Yes. Your insurance company will receive notice of the conviction and points assessed and will most likely raise your premium/rates accordingly.
Yes. The Virginia Department of Motor Vehicles assesses points depending on the type of violation.
Yes. Holders of commercial driver’s licenses should always contact an attorney before pleading to any traffic infraction to find out more about the potential penalties.
It depends on the type of proceeding. In an uncontested divorce, the evidence will be limited and may only take 10 minutes to present to the judge. In more complex contested divorce, the court will hold two separate hearings: one for custody and visitation, and one for equitable distribution. The hearings will follow the Virginia Supreme Court Rules of Procedure. Each side has an opportunity to present evidence, testify, cross-examine, and argue their case.
A DUI/DWI, or Reckless Driving citation will often result in a license suspension.
Many grantors act as their own trustee during their life to cut down on expenses. A successor trustee should be someone financially responsible who is not biased in their ability to manage and distribute funds.
Probate is the process of admitting the will to the court and administering it.
Estate planning is planning for the future of your assets, debts, and any intended beneficiaries. The particular documents or methods used will vary depending on your goals. Estate plans may include wills, trusts, powers of attorney, and healthcare directives which work together to ensure your end-of-life care needs are met and your beneficiaries are taken care of. Without any estate plan in place, Virginia law will apply and dispose of your estate according to the applicable statute.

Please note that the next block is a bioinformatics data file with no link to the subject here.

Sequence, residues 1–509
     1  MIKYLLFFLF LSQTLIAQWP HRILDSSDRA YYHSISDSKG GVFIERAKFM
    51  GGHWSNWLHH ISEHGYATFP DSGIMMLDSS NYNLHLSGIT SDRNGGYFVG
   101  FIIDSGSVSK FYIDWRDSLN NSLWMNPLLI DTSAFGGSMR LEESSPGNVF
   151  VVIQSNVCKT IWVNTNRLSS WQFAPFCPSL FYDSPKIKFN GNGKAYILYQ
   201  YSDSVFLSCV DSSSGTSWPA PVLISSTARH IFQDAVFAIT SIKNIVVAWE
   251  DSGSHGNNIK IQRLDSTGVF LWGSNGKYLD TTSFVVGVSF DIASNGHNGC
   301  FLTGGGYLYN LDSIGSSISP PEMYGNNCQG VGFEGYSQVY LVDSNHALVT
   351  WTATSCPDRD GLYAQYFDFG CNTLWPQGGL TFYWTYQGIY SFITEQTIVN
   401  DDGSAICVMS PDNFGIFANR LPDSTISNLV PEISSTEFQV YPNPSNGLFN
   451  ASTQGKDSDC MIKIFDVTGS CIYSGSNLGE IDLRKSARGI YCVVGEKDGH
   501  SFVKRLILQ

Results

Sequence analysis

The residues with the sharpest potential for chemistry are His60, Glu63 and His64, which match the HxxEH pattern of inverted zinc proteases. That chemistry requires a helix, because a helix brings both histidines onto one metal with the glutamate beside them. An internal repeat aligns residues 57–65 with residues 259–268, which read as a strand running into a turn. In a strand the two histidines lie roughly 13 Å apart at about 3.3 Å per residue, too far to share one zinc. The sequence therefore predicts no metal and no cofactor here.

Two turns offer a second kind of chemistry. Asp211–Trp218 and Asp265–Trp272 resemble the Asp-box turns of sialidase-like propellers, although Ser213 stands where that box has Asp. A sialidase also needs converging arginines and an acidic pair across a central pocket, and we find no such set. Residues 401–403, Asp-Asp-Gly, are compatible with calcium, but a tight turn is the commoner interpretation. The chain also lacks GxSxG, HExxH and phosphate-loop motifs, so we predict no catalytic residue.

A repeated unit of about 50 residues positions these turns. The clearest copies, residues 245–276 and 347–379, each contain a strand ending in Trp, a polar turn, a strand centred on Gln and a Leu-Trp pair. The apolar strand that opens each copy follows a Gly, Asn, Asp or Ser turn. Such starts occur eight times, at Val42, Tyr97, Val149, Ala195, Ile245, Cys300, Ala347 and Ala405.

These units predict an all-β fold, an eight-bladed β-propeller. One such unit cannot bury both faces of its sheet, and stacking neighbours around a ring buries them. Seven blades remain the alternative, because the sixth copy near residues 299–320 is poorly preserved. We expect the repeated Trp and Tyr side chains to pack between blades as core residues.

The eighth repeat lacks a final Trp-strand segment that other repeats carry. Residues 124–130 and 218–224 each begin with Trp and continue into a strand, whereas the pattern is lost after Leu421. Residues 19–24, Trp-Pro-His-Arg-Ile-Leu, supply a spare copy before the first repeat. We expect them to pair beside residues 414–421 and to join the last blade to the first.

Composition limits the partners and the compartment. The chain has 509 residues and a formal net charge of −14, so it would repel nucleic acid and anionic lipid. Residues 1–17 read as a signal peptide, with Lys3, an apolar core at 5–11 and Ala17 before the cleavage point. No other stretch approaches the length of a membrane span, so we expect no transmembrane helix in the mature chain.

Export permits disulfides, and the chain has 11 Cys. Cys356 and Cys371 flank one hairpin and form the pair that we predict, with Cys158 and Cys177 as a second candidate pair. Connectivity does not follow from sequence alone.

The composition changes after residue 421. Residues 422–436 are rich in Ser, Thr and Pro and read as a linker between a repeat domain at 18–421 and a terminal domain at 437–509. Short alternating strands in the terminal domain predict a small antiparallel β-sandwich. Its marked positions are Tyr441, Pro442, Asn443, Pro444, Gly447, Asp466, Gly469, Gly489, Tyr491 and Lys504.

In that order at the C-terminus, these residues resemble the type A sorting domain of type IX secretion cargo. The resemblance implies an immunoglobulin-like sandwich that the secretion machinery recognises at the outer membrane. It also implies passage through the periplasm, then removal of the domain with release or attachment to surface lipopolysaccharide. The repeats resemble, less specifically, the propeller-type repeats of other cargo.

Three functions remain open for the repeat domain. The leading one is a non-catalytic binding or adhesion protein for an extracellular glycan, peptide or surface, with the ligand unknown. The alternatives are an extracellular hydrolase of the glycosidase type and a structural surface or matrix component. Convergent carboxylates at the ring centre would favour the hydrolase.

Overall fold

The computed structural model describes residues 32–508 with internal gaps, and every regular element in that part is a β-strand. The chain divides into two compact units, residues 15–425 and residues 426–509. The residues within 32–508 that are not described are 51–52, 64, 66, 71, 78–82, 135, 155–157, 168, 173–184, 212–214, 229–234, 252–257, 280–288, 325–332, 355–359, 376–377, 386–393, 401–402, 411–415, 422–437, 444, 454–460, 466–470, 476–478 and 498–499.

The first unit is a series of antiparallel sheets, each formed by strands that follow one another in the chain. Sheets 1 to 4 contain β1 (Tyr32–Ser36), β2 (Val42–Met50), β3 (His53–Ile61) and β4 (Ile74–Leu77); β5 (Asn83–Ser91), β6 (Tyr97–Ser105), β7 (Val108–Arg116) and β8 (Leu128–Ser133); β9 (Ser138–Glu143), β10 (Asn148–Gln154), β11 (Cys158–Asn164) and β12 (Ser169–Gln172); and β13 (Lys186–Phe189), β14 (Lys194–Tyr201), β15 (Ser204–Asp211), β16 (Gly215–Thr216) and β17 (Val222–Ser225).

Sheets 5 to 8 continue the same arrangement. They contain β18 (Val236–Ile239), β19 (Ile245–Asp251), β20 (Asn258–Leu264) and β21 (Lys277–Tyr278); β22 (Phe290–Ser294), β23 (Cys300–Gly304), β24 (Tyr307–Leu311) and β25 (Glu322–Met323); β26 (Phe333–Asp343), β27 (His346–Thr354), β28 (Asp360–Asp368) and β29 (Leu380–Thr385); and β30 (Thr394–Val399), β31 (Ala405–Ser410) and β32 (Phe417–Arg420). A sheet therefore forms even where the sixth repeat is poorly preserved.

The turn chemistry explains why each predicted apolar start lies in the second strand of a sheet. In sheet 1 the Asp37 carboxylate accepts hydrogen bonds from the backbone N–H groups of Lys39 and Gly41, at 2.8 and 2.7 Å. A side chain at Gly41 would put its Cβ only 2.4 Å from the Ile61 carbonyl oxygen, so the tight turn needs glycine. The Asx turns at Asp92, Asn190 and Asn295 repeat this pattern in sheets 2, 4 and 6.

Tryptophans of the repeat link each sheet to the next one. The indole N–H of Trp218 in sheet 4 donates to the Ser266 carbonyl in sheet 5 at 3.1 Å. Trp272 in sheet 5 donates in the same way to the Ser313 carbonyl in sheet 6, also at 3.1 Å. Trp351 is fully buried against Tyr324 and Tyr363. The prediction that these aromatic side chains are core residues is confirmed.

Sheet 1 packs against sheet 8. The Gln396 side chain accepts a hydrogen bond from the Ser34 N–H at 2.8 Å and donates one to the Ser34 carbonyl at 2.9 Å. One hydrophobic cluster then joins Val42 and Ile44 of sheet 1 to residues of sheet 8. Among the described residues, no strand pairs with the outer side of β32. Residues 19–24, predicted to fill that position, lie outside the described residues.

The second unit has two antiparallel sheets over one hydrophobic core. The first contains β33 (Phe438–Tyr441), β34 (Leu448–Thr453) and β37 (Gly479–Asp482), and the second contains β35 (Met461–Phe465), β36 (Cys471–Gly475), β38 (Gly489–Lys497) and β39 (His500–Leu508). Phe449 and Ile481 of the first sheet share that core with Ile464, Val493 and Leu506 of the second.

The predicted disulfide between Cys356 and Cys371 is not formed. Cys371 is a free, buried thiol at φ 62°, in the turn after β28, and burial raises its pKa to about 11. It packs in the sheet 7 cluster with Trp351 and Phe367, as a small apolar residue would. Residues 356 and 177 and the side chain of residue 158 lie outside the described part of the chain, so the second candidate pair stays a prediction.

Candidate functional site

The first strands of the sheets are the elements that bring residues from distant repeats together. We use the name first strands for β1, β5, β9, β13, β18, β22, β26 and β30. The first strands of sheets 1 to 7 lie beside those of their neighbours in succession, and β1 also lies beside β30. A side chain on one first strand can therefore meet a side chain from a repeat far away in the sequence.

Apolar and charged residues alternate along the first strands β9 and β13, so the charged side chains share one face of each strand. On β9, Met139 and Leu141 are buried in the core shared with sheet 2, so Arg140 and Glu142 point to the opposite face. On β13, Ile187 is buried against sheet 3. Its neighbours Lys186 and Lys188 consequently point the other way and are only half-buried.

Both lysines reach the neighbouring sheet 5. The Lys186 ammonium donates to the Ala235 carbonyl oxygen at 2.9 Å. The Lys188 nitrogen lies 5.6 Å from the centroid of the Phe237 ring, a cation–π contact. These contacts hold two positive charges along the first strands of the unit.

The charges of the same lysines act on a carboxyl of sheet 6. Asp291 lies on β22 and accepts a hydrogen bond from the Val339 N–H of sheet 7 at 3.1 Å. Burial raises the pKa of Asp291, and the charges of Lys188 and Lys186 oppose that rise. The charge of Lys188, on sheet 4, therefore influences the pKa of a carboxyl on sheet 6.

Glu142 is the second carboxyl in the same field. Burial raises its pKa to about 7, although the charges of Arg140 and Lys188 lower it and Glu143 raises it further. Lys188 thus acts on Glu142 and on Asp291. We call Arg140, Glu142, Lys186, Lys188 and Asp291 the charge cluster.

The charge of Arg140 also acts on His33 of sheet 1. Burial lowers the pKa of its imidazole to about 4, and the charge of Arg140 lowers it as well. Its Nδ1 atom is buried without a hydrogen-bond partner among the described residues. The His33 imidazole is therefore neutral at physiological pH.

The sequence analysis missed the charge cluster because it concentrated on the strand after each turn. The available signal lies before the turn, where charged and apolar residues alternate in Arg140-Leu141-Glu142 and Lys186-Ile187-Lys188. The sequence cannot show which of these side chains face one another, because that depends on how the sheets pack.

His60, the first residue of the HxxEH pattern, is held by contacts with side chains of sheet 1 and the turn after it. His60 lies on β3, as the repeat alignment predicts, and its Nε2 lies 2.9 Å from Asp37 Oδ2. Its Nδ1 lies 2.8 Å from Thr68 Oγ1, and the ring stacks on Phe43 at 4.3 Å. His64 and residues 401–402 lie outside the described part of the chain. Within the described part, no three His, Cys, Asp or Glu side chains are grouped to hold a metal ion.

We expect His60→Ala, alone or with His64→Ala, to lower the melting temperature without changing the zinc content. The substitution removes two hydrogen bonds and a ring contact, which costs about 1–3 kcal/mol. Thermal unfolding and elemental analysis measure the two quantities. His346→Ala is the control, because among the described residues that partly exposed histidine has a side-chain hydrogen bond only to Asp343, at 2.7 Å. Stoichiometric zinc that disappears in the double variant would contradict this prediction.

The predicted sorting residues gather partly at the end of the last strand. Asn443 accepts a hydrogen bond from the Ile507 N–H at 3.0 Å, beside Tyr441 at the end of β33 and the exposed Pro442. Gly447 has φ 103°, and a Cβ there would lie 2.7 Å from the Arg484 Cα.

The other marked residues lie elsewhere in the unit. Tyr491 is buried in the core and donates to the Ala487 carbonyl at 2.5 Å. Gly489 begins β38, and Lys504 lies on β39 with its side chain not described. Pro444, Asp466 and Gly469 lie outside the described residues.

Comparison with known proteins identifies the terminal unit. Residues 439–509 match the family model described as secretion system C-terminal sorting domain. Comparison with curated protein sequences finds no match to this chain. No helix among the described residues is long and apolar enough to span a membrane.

A trust creates ownership over certain property by a trustee, who manages and distributes the property according to the guidance and structure of the trust. Property is managed and invested by the trustee for the benefit of whatever beneficiaries are designated by the trust.
A power of attorney gives another person authority to stand in your shoes and act on your behalf in certain situations. A power of attorney can be limited or broad, and may only take effect on incapacity of the grantor.
If you plead not guilty, the court will set the matter for trial. Many jurisdictions have bench trials on the spot if you plead not guilty.
An uncontested or no-fault divorce can be obtained based on six months or one year of separation, depending on whether the parties have minor children. Fault-based divorces can be obtained based on cruelty, desertion, adultery, or felony conviction.
You should always consult with an attorney so you know your options for your traffic ticket case. Many citations seem minor but can carry serious fines, penalties, and points that will impact your driving record and insurance rates.
A trustee has a fiduciary duty to manage trust assets in a responsible manner.
An executor is responsible for carrying out the directives of a will. That includes accounting for assets and debts and making distributions to beneficiaries.
The federal estate tax doesn’t take effect until the amount passed reaches $5.43 million.
Custody can be determined by agreement, or the court will use the best interests of the child standard in setting any custody and visitation order. Factors such as the physical and mental health of both parents and ability to meet the child’s needs will be considered by the court.
A living trust may be appropriate depending on the type of assets the grantor has, or it may be necessary for the type of beneficiaries involved. For example, if someone has a child with special needs, they should almost certainly set up a living trust for the benefit of that child.
Again, it will vary according to the type of assets and beneficiaries involved. If the beneficiaries are very young, a trust may be appropriate.
You do not need your spouse’s cooperation or even participation to obtain a divorce. If you and your spouse last cohabited in another state, however, you may not be able to resolve issues such as equitable distribution or support in Virginia.